|Posted by Patricia on November 13, 2016 at 10:05 AM|
Councillors from the Cities of Johannesburg and Tshwane told Parliament that the Administrative Adjudication of Road Traffic Offences (Aarto) system was failing and asked that they be “released” from it until the system works properly.
A member of the City of Johannesburg’s Mayoral Committee and a Councillor from the City of Tswhane were among delegates on Friday who briefed the Parliamentary committee on transport on the pilot phase of Aarto, which was introduced in these two metros in 2007 and 2008 respectively.
The system, which entails that motorists receive demerits for traffic violations, was supposed to be implemented from 1 April this year.
Although the pilot phase in Johannesburg and Tswhane has been implemented some time ago, the demerit system will only be implemented once the system has been rolled out nationally.
The administrators of the Aarto system has argued that the implementation thereof would make the roads safer and deal effectively with traffic infringements.
Drivers will accumulate points for the infringements they commit. A motorist starts with 0 points, and the maximum number of points allowed is 12. In other words, a motorist is allowed to drive until he or she has 12 points.
However, every point that exceeds the permissible 12 points will result in a three-month suspension of their driver’s licence. A motorist’s driver’s licence will be revoked when it has been suspended for the third time.
The Aarto system rollout has been delayed among other things because of problems with the delivery of infringement notices.
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The delegation from the Johannesburg and Tswhane told MPs on Friday that there had been miscommunication between the issuing authority of infringement notices, the South African Post Office (Sapo) and the Road Traffic Infringement Authority (RTIA), with the end result that traffic fines were not paid.
Sun, in his capacity as councillor for the City of Johannesburg, said the piloting of Aarto was supposed to be “easy” on the administration and motorists, but instead it has created “unpleasantness” among different departments within the City’s administration.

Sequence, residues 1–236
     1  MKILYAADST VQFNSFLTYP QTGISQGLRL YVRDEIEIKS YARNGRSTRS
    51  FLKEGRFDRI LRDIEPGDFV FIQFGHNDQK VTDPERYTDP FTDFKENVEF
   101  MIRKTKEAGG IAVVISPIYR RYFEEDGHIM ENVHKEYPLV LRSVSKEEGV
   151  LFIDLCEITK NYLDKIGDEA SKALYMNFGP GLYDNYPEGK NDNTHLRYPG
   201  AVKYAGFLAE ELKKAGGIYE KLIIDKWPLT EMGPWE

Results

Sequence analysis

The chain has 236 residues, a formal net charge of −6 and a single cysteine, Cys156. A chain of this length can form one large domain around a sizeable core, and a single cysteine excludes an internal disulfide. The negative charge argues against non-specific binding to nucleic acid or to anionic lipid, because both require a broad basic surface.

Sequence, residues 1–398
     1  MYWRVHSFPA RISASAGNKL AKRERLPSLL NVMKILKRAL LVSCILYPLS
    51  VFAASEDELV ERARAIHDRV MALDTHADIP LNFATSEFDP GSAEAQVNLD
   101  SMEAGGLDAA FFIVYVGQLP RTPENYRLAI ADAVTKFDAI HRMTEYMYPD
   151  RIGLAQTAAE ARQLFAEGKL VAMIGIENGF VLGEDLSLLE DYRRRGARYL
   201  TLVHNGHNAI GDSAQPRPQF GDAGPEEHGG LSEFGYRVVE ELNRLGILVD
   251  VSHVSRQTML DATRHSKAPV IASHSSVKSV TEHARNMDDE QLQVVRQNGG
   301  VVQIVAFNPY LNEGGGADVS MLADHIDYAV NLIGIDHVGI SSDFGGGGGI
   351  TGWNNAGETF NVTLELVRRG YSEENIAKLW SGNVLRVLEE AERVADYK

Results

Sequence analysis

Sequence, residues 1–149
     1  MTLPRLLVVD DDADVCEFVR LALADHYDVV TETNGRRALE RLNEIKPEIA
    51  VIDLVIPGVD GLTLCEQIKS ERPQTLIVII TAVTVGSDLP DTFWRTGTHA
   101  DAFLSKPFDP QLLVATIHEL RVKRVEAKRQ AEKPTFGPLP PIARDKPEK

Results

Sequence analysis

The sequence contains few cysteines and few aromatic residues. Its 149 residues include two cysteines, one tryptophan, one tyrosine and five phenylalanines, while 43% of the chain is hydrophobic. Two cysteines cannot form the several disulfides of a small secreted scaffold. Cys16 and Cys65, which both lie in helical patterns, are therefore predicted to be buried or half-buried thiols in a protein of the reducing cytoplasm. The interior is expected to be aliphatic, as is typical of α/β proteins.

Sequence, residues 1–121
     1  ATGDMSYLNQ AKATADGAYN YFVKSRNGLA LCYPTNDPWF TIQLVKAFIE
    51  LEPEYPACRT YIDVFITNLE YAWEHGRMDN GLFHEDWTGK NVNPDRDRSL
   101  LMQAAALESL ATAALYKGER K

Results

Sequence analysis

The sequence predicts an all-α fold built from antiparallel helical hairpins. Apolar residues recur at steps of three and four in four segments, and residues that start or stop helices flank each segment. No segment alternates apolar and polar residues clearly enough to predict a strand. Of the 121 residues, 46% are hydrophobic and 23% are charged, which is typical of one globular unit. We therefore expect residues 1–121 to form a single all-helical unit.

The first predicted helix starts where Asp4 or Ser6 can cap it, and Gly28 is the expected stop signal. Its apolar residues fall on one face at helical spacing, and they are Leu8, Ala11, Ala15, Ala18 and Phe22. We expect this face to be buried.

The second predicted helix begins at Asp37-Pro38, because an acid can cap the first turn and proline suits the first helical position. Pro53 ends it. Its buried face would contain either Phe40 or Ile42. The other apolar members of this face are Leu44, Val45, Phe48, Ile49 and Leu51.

“Aarto is not having any effect,” Sun continued. “The possibility that motorists could lose their licences had an effect at first, but as time went by people argued that there were no consequences and there’s now a state of lawlessness in our City.
“I urge members (of Parliament) to assist us. Can we be decommissioned from this pilot project?”
Tshwane’s Councilor Kissoonduth agreed, saying the metro has a similar story to that of Johannesburg. He added that the delivery of infringement notices posed difficulties and called for legislation to be amended so that notices can be issued electronically.
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An Aarto Amendment Bill is currently serving before Parliament that, if approved, would allow transport authorities to send infringement notices through SMS. Questions however have been raised about the practicality of SMS as a means of communications, as infringement notices are longer than the allowed number of characters allowed in an SMS.
Kissonduth cautioned that there should be proper buy-in from the public before Aarto can be rolled out nationally. “You can’t push through a bill – it’s not going to have the desired effect.”